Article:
My shampoo bottle fell off the shower shelf a while ago and the top broke, so it was no longer water-proof. The bottle is badly designed and it’s top heavy, and it’s happened many times before, but it hasn’t put me off buying the same brand until now and I wondered – why did I keep buying it? Because I was afraid that if I didn’t my hair would change to a duller colour. How did this happen? My hairdresser recommended it because I had expressed this fear to her.
The last incident was the straw that broke the camel’s back and I’m no longer brand loyal to this product having swapped shampoos many times since and noticed no difference to the condition of my hair. The brand upset me on a couple of other counts too. Firstly, the palm oil used in the product is farmed at the cost of wildlife habitat – irreplaceable ancient rainforest destroyed and secondly, I was in the habit of purchasing branded single use plastic travel size bottles instead of refilling unbranded multiuse bottles.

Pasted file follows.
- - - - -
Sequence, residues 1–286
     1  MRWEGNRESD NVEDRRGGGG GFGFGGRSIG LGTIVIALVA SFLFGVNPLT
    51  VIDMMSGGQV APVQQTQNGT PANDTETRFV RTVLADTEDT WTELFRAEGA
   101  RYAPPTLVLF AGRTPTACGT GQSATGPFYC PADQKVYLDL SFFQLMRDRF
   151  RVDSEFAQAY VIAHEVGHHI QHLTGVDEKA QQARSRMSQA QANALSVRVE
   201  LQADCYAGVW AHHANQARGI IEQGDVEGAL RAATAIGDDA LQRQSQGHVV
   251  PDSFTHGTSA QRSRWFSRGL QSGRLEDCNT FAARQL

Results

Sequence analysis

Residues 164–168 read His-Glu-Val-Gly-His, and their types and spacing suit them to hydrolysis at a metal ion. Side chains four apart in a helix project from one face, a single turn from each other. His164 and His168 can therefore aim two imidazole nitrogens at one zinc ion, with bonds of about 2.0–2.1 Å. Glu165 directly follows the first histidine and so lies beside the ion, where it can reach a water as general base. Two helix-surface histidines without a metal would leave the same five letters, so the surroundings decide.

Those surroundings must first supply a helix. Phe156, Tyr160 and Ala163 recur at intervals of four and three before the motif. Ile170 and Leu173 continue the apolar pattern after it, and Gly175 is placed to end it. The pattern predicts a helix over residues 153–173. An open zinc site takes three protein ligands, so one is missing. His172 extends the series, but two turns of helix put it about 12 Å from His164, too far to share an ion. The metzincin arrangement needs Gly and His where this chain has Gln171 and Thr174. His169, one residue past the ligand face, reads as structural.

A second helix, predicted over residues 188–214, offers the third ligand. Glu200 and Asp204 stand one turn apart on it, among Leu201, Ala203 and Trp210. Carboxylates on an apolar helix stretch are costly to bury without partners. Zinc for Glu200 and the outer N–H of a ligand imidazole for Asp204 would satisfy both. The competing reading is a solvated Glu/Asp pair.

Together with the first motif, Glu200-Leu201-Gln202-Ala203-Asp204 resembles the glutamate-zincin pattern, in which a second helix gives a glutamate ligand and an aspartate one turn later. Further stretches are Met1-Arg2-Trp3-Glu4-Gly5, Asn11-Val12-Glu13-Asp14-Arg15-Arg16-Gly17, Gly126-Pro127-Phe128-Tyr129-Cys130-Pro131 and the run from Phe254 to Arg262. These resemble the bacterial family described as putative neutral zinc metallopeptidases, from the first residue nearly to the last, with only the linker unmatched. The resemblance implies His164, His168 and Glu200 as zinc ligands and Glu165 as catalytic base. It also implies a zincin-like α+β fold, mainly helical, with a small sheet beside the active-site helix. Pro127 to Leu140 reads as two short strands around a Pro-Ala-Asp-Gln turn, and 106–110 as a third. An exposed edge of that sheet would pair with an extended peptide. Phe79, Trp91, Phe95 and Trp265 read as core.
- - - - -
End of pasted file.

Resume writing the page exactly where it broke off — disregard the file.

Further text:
There are two large sales and marketing factors at work here 1. Fear of loss and 2. Word of mouth. This multi-national cosmetics brand can afford a large marketing budget to make sure lots of customers with similar worries about their hair are exposed to their messages through advertising and product endorsement by the hairdressing professionals we trust. This isn’t really fair on customers like me, on the planet or on smaller more ethical brands who are trying to compete. It may be an unfair world but helping small businesses with limited budgets to succeed in this competitive environment is one of the reasons I enjoy what I do.